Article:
Even my own parents, who I have helped (forced?) to get the Southwest Companion Pass twice, are still pretty skeptical of it all, which I find pretty amusing.
Really though, I’m at a point with miles & points and credit where I feel very comfortable and in control of my credit destiny. That’s a good place to be. And one I enjoy helping people get to.
Is there any tool or trick which you’ve found especially useful in this hobby?
I have found the flexibility of Southwest points incredibly useful. There is a good amount of travel we know we are going to take every year – Canada for Canadian Thanksgiving (we get picked up in Buffalo to let us use our Southwest Companion Pass), Maryland for American Thanksgiving, and both for Christmas.
So I’ll book multiple one-way flights for each direction to give us flexibility when the actual travel gets a little bit closer, and then cancel what we don’t use. This locks in our award price at travel times that sell out pretty quickly. It’s a handy tool I’ve used to maximize our points without limiting our flexibility.
What was the least expected way you’ve earned miles or points?
I once earned referral points because I was lucky enough to have a referral link that came with a 50,000 Southwest point bonus for a Southwest card when the current bonus was only 40,000 Southwest points. Some time later, I stumbled across an old article that had an expired 50,000 Southwest point link and noticed a bunch of people were requesting 50,000 point links if anyone had them.
Every couple days I would throw my link into the mix and before I knew it, I had maxed out the referral points I could earn for the year at 50,000 Southwest points. That was a nice surprise, and easily the most unexpected way I’ve ever earned miles.
What do you now know about collecting miles and points which you wish you knew when you started out?
I wish I knew what an increased sign-up bonus was, and what it looked like. Haha, I definitely applied for a card or 2 that didn’t have the best sign-up bonus on it. Looking back I cringe a little bit.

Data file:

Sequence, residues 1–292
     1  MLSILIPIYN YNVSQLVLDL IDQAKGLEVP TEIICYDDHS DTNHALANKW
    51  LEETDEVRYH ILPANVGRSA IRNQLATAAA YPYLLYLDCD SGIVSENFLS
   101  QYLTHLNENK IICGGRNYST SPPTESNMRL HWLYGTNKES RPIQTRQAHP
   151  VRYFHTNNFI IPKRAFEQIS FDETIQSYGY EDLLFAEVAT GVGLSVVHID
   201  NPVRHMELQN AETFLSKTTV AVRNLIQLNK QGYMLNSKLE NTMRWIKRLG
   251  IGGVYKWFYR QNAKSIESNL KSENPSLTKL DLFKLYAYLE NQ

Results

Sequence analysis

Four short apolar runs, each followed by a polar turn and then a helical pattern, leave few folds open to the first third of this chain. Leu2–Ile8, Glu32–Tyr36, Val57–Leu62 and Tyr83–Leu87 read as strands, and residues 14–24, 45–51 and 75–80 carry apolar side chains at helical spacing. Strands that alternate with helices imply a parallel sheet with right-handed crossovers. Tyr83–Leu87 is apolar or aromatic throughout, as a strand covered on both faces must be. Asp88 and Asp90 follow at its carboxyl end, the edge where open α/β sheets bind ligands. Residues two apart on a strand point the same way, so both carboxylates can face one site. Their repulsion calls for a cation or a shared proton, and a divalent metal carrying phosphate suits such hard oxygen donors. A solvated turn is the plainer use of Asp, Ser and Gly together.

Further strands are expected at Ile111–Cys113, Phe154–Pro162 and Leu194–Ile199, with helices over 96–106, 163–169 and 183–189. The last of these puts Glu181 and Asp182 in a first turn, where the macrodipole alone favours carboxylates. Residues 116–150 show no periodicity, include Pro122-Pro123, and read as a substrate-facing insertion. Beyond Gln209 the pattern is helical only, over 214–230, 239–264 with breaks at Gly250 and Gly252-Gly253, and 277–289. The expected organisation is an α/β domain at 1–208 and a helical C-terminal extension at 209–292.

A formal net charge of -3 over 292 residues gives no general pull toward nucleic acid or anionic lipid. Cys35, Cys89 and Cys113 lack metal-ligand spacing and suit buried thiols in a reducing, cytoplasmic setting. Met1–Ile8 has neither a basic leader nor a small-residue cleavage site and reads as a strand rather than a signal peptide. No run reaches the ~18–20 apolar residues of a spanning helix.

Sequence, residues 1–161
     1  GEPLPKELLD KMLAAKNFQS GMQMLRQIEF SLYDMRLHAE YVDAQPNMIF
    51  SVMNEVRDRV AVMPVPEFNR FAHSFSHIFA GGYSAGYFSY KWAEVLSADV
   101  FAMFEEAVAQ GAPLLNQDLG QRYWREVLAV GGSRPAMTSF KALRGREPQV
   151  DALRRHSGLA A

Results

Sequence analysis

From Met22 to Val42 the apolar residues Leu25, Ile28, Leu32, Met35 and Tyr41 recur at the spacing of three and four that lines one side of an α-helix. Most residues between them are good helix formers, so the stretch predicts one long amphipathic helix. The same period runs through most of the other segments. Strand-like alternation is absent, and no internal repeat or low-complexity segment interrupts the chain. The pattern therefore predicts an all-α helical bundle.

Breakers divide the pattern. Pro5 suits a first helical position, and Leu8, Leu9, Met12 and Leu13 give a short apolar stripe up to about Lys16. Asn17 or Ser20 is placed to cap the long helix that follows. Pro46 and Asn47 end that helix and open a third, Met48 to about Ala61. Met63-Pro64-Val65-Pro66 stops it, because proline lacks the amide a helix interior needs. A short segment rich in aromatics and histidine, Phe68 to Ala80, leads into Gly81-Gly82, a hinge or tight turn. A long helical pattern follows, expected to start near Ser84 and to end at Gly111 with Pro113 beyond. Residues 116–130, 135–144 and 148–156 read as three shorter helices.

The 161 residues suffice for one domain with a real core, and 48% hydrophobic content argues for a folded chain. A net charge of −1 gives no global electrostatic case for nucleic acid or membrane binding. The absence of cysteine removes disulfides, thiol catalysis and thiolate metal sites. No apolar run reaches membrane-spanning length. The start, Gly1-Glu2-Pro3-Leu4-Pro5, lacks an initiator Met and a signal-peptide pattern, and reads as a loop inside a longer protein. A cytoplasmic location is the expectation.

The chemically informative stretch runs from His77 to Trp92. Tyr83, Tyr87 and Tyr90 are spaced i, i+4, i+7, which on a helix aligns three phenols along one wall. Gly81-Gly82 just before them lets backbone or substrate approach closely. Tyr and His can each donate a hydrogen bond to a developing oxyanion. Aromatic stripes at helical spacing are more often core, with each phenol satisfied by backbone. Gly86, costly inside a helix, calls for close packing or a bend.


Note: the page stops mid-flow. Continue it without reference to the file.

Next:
But these are all things I had to go through to learn how it can be done better. Because of that, I don’t regret them…what I didn’t know, I didn’t know. I just think about those times and laugh about how far I’ve come.
Another thing I didn’t know then was how sustainable miles and points are. When I was first doing this, I thought it would be a great way to build credit and save on some flights. But I figured at some point it would run out.
I’m glad to say things have come and gone in this hobby of ours, but the core of it – sign-up bonuses – are still around. And as long as they are, so I will be!
What would your readers be surprised to know about you?
I’m an American who married a Canadian after meeting at Bible School in Germany and we are incredibly normal. Probably boringly normal. Sarah owns a calligraphy business. I’m a project manager.
We are in our mid-twenties, without a lot of disposable income. But we have been able to use miles and points to go and see places we never would have been able to otherwise.
I think because of that jet-setting focus, from the outside looking in it would be easy to assume we have a bunch of money or our parents are subsidizing our adventures. But that couldn’t be further from the truth. Every time we get a new card, we work hard to hit the minimum spend to get the sign-up bonus, sometimes enlisting friends and family with big purchases to help.
I guess what I’m trying to say is, we don’t travel because we have a lot of money, we travel because points make it too easy not to.
Any parting words?
Don’t look at people like us on the internet talking about credit cards and traveling and let that intimidate you. You’re in the same position we were!
Like Daraius and Emily have always said: Big Travel with Small Money. It doesn’t take a lot of money, at all, to succeed in the miles & points world. It just takes a willingness to learn, an open mind, and an attentive focus (ok, ok, and maybe some initial guts).
Ian and Sarah – Thanks for sharing your thoughts on having Big Travel with Small Money!
If you’d like to be considered for our interview series, please send me a note!